Centralizer and normalizer

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In mathematics, especially group theory, the centralizer (also called commutant[1][2]) of a subset S of a group G is the set of elements of G that commute with each element of S, and the normalizer of S are elements that satisfy a weaker condition. The centralizer and normalizer of S are subgroups of G, and can provide insight into the structure of G.

The definitions also apply to monoids and semigroups.

In ring theory, the centralizer of a subset of a ring is defined with respect to the semigroup (multiplication) operation of the ring. The centralizer of a subset of a ring R is a subring of R. This article also deals with centralizers and normalizers in Lie algebra.

The idealizer in a semigroup or ring is another construction that is in the same vein as the centralizer and normalizer.


Groups and semigroups

The centralizer of a subset S of group (or semigroup) G is defined to be[3]

Sometimes if there is no ambiguity about the group in question, the G is suppressed from the notation entirely. When S = {a} is a singleton set, then CG({a}) can be abbreviated to CG(a). Another less common notation for the centralizer is Z(a), which parallels the notation for the center of a group. With this latter notation, one must be careful to avoid confusion between the center of a group G, Z(G), and the centralizer of an element g in G, given by Z(g).

The normalizer of S in the group (or semigroup) G is defined to be

The definitions are similar but not identical. If g is in the centralizer of S and s is in S, then it must be that gs = sg, however if g is in the normalizer, gs = tg for some t in S, potentially different from s. The same conventions mentioned previously about suppressing G and suppressing braces from singleton sets also apply to the normalizer notation. The normalizer should not be confused with the normal closure.

Rings, algebras, Lie rings and Lie algebras

If R is a ring or an algebra, and S is a subset of the ring, then the centralizer of S is exactly as defined for groups, with R in the place of G.

If is a Lie algebra (or Lie ring) with Lie product [x,y], then the centralizer of a subset S of is defined to be[4]

The definition of centralizers for Lie rings is linked to the definition for rings in the following way. If R is an associative ring, then R can be given the bracket product [x,y] = xyyx. Of course then xy = yx if and only if [x,y] = 0. If we denote the set R with the bracket product as LR, then clearly the ring centralizer of S in R is equal to the Lie ring centralizer of S in LR.

The normalizer of a subset S of a Lie algebra (or Lie ring) is given by[4]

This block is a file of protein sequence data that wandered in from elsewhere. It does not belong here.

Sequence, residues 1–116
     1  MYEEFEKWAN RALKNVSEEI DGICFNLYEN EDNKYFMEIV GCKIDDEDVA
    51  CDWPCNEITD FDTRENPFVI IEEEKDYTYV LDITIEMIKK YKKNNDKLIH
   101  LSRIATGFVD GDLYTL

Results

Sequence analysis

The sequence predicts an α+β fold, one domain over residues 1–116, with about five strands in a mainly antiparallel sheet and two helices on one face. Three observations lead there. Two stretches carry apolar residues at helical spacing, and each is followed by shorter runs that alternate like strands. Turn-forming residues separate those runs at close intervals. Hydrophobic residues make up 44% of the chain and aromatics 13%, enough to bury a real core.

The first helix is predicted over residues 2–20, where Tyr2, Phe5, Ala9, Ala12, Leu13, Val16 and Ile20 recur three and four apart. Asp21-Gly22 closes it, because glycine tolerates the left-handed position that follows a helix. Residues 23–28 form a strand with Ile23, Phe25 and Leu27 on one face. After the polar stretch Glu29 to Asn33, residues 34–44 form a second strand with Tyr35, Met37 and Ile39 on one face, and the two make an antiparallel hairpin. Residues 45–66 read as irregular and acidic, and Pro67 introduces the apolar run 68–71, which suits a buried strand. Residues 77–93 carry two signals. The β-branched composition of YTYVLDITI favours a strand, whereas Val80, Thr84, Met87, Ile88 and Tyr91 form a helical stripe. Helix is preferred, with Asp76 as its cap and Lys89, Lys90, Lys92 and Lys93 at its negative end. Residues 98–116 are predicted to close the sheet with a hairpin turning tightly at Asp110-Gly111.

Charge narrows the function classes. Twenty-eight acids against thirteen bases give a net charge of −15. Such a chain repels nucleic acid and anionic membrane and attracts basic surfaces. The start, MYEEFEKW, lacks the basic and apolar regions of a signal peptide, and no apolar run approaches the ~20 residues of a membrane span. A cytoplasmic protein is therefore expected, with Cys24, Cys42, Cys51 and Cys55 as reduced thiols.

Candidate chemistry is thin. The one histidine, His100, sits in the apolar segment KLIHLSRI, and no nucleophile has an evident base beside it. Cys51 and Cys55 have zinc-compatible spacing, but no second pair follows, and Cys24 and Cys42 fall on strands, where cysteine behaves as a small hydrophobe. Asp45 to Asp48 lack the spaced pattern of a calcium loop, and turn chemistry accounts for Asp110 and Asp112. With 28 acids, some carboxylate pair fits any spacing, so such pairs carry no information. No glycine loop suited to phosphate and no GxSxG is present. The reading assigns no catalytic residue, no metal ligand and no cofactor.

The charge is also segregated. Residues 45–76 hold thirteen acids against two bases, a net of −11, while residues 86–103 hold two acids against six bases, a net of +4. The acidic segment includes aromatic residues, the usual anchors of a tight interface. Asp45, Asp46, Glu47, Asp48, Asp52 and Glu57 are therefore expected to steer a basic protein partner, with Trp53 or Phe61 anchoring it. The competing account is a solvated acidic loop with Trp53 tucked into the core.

While this is the standard usage of the term "normalizer" in Lie algebra, it should be noted that this construction is actually the idealizer of the set S in . If S is an additive subgroup of , then is the largest Lie subring (or Lie subalgebra, as the case may be) in which S is a Lie ideal.[5]



Let S′ be the centralizer, i.e. Then:

  • S′ forms a subsemigroup.
  • – A commutant is its own bicommutant.


Source: [6]

  • The centralizer and normalizer of S are both subgroups of G.
  • Clearly, CG(S) ⊆ NG(S). In fact, CG(S) is always a normal subgroup of NG(S).
  • CG(CG(S)) contains S, but CG(S) need not contain S. Containment will occur if st=ts for every s and t in S. Naturally then if H is an abelian subgroup of G, CG(H) contains H.
  • If S is a subsemigroup of G, then NG(S) contains S.
  • If H is a subgroup of G, then the largest subgroup in which H is normal is the subgroup NG(H).
  • A subgroup H of a group G is called a self-normalizing subgroup of G if NG(H) = H.
  • The center of G is exactly CG(G) and G is an abelian group if and only if CG(G)=Z(G) = G.
  • For singleton sets, CG(a)=NG(a).
  • By symmetry, if S and T are two subsets of G, T ⊆ CG(S) if and only if S ⊆ CG(T).
  • For a subgroup H of group G, the N/C theorem states that the factor group NG(H)/CG(H) is isomorphic to a subgroup of Aut(H), the group of automorphisms of H. Since NG(G) = G and CG(G) = Z(G), the N/C theorem also implies that G/Z(G) is isomorphic to Inn(G), the subgroup of Aut(G) consisting of all inner automorphisms of G.
  • If we define a group homomorphism T : G → Inn(G) by T(x)(g) = Tx(g) = xgx −1, then we can describe NG(S) and CG(S) in terms of the group action of Inn(G) on G: the stabilizer of S in Inn(G) is T(NG(S)), and the subgroup of Inn(G) fixing S is T(CG(S)).
  • A subgroup H of a group G is said to be C-closed or self-bicommutant if H = CG(S) for some subset S ⊆ G. If so, then in fact, H = CG(CG(H)).

Rings and algebras[edit]

Source: [4]

  • Centralizers in rings and algebras are subrings and subalgebras, respectively, and centralizers in Lie rings and Lie algebras are Lie subrings and Lie subalgebras, respectively.
  • The normalizer of S in a Lie ring contains the centralizer of S.
  • CR(CR(S)) contains S but is not necessarily equal. The double centralizer theorem deals with situations where equality occurs.
  • If S is an additive subgroup of a Lie ring A, then NA(S) is the largest Lie subring of A in which S is a Lie ideal.
  • If S is a Lie subring of a Lie ring A, then S ⊆ NA(S).

See also[edit]


  1. ^ Kevin O'Meara; John Clark; Charles Vinsonhaler (2011). Advanced Topics in Linear Algebra: Weaving Matrix Problems Through the Weyr Form. Oxford University Press. p. 65. ISBN 978-0-19-979373-0. 
  2. ^ Karl Heinrich Hofmann; Sidney A. Morris (2007). The Lie Theory of Connected Pro-Lie Groups: A Structure Theory for Pro-Lie Algebras, Pro-Lie Groups, and Connected Locally Compact Groups. European Mathematical Society. p. 30. ISBN 978-3-03719-032-6. 
  3. ^ Jacobson (2009), p. 41
  4. ^ a b c Jacobson 1979, p.28.
  5. ^ Jacobson 1979, p.57.
  6. ^ Isaacs 2009, Chapters 1−3.